Incentive is a sound motivator as it is monetary attractive to many. Company can introduce cycle to work scheme like UK where employee can get a bike by deducting their salary for instalment basis [11]. Also, allowing cyclist to claim extra mileage based on the distance they cycle to work or meetings as they help to reduce the company’s carbon footprint. Bike equipment are not cheap as it is increasingly becoming commercialize as an expensive hobby instead of a necessity, thus it will be good if there is no GST Goods Service Tax charges on bicycle and accessories purchases to make bicycles affordable. Multinational companies can go to the extra mile by having the option of free bicycles along the new contract since some of them include a complementary tablet or smartphone for new contracts. Government or companies can even allocate dedicate insurance for employees who cycle to work.

Nevertheless, the assistance of physical infrastructure will be a major breakthrough as our city scape has yet to respect the daily necessity of a cyclist. Secured bicycle parking facilities with spotlights and CCTV should be provided at offices, malls, and also major traffic connectors such as LRT transport hubs. Though I acknowledge the presence of bicycle parking at some LRT stations, however the location of bicycle parking must prioritize security and accessibility. Bike parking spaces should be bright and highly visible, within sight of security guards, and not tucked away in some dark basement or taken up by motorbikes instead.

Another low hanging fruit approach is to ensure pedestrian walk paths and the edge of the roads are maintained properly. This is because sometimes cycling on them is like cycling on landmines, with potholes, loose paver bricks & gravels, and opened drain covers that can be life threatening. The provision of physical infrastructure for cyclist commuter can be extensive such as providing dedicated bike lanes; however it is crucial that designers and city council should not build bicycle lanes based on assumptions but to collaborate with end users in the designing process if they are serious of getting people cycle to work.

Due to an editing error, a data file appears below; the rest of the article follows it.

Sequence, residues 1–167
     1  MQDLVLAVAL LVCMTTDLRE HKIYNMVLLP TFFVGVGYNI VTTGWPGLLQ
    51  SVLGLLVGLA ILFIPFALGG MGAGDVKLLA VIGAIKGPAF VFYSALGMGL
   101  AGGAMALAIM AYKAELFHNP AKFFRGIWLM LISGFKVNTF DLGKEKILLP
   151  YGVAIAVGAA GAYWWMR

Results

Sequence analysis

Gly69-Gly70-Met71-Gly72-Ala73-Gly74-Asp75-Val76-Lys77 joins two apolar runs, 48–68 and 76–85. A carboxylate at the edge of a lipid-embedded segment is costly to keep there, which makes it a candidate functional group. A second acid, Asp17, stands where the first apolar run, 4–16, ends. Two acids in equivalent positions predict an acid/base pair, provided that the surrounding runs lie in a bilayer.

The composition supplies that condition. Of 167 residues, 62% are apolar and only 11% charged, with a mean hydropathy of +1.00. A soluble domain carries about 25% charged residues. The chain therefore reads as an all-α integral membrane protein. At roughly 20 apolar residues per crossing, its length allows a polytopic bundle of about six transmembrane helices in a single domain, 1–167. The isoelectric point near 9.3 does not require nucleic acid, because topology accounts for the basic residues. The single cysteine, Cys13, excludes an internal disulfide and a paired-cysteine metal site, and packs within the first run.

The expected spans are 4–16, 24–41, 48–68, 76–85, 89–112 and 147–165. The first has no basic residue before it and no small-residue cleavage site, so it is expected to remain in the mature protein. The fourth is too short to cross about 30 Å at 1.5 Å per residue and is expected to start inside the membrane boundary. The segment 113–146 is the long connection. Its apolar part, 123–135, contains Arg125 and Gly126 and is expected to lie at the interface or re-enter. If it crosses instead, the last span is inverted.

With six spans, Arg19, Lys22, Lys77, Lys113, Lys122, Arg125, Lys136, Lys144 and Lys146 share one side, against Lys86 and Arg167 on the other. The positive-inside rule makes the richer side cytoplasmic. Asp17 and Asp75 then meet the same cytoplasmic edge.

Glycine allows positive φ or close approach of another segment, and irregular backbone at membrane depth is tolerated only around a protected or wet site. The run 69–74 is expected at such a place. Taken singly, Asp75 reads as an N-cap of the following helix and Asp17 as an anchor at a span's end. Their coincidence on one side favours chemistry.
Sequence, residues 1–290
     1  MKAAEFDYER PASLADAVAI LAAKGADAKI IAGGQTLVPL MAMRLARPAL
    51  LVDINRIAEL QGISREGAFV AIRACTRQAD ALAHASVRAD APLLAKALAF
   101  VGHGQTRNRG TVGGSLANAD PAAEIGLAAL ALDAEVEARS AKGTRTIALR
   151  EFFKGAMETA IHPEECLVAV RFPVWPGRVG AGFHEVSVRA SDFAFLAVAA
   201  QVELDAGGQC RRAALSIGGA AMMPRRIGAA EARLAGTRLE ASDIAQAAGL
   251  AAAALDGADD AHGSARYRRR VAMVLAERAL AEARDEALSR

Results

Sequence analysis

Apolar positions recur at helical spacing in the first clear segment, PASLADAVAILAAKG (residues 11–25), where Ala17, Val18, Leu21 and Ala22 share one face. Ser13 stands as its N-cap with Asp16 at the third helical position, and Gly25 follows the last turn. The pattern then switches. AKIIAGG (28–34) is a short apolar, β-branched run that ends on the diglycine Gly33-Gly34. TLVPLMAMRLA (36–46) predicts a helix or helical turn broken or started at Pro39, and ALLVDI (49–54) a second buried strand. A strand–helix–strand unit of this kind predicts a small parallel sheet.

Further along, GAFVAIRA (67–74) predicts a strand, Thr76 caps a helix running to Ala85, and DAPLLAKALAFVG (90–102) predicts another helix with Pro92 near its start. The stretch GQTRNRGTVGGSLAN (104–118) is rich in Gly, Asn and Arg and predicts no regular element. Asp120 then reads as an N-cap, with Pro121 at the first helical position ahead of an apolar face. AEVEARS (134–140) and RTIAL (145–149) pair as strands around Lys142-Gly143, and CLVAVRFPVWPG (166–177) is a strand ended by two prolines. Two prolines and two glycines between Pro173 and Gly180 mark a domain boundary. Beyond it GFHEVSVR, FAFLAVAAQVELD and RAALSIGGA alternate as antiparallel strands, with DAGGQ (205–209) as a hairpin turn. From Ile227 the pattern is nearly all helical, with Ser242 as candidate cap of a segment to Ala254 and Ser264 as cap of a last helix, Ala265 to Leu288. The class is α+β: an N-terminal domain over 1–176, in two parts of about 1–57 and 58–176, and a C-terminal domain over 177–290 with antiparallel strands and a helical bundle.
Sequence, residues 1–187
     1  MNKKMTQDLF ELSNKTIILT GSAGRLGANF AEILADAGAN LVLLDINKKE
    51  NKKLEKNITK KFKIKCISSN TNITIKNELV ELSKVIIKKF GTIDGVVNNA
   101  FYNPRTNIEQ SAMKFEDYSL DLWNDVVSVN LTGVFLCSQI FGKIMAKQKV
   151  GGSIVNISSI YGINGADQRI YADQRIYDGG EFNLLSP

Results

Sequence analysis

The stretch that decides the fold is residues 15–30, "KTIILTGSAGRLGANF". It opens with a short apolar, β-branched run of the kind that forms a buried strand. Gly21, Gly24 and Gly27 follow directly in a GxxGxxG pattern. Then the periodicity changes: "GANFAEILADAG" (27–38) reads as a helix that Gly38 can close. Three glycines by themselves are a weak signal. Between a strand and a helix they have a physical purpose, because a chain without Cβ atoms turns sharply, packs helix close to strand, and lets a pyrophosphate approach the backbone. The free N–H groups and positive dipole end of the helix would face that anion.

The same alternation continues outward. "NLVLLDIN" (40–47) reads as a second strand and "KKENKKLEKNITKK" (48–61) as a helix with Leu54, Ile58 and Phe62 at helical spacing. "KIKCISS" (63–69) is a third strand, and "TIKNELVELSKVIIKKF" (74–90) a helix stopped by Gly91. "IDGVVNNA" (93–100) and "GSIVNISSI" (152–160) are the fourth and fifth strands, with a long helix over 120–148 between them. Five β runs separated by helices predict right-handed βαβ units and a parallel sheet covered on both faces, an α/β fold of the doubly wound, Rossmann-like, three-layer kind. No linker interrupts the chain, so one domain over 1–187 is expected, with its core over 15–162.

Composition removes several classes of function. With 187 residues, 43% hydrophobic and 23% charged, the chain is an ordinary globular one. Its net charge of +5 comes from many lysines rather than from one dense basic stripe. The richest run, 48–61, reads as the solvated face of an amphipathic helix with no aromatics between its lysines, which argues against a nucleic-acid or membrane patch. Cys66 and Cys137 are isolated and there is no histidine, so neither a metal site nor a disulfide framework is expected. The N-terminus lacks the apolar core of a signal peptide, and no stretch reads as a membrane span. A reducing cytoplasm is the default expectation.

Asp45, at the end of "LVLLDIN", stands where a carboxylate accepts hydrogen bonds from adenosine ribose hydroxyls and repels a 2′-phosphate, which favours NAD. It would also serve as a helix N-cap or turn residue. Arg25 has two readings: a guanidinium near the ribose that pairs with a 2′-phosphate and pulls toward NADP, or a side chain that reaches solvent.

You cannot expect a car user to design a bicycle lane for cyclist that has various details to look into.

A mall that makes sense: Citta Mall in Ara Damansara has a simple secured and easily accessible bicycle parking, unlike other malls that will require you to park your bicycle with motor bikes without any rail to secure it.
A mall that makes sense: Citta Mall in Ara Damansara has a simple secured and easily accessible bicycle parking, unlike other malls that will require you to park your bicycle with motor bikes without any rail to secure it.
Too fast too furious: It is good to have demarcated paint bike lanes like this in Ara Damansara however traffic calmer/ traffic light is needed to slow the incoming cars as the provision of sight is minimal.
Too fast too furious: It is good to have demarcated paint bike lanes like this in Ara Damansara however traffic calmer/ traffic light is needed to slow the incoming cars as the provision of sight is minimal.